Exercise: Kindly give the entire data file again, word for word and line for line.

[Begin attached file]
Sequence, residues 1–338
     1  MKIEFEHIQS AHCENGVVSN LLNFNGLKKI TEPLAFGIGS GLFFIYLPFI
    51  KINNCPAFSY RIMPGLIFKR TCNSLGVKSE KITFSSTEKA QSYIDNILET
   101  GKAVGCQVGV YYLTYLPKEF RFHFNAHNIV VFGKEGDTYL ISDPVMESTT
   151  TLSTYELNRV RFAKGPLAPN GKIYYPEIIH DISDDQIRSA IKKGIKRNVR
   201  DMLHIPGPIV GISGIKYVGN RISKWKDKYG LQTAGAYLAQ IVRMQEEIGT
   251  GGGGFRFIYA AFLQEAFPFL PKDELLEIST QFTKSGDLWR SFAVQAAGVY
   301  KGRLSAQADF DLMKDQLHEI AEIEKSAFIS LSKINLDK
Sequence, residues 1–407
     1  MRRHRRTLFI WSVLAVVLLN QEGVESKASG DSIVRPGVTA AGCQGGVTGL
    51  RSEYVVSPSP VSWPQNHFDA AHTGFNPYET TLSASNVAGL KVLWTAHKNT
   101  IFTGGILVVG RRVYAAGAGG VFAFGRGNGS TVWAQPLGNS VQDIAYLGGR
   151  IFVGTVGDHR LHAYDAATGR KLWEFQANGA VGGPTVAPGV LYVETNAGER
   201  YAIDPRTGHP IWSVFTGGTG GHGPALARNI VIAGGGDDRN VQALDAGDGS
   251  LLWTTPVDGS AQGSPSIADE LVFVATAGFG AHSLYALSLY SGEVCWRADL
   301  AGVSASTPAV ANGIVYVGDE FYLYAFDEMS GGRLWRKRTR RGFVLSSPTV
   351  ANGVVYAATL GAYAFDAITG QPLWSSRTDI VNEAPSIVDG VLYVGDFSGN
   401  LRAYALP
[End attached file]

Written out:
Sequence, residues 1–338
     1  MKIEFEHIQS AHCENGVVSN LLNFNGLKKI TEPLAFGIGS GLFFIYLPFI
    51  KINNCPAFSY RIMPGLIFKR TCNSLGVKSE KITFSSTEKA QSYIDNILET
   101  GKAVGCQVGV YYLTYLPKEF RFHFNAHNIV VFGKEGDTYL ISDPVMESTT
   151  TLSTYELNRV RFAKGPLAPN GKIYYPEIIH DISDDQIRSA IKKGIKRNVR
   201  DMLHIPGPIV GISGIKYVGN RISKWKDKYG LQTAGAYLAQ IVRMQEEIGT
   251  GGGGFRFIYA AFLQEAFPFL PKDELLEIST QFTKSGDLWR SFAVQAAGVY
   301  KGRLSAQADF DLMKDQLHEI AEIEKSAFIS LSKINLDK
Sequence, residues 1–407
     1  MRRHRRTLFI WSVLAVVLLN QEGVESKASG DSIVRPGVTA AGCQGGVTGL
    51  RSEYVVSPSP VSWPQNHFDA AHTGFNPYET TLSASNVAGL KVLWTAHKNT
   101  IFTGGILVVG RRVYAAGAGG VFAFGRGNGS TVWAQPLGNS VQDIAYLGGR
   151  IFVGTVGDHR LHAYDAATGR KLWEFQANGA VGGPTVAPGV LYVETNAGER
   201  YAIDPRTGHP IWSVFTGGTG GHGPALARNI VIAGGGDDRN VQALDAGDGS
   251  LLWTTPVDGS AQGSPSIADE LVFVATAGFG AHSLYALSLY SGEVCWRADL
   301  AGVSASTPAV ANGIVYVGDE FYLYAFDEMS GGRLWRKRTR RGFVLSSPTV
   351  ANGVVYAATL GAYAFDAITG QPLWSSRTDI VNEAPSIVDG VLYVGDFSGN
   401  LRAYALP